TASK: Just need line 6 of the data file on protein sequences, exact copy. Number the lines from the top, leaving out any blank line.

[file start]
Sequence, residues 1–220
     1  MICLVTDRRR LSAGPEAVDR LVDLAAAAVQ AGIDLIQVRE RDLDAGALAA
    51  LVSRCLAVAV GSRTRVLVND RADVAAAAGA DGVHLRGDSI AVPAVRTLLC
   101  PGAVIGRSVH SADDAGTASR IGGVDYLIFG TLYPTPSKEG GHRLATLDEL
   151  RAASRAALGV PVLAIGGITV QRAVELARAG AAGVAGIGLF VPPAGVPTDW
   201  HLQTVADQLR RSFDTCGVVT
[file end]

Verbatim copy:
   201  HLQTVADQLR RSFDTCGVVT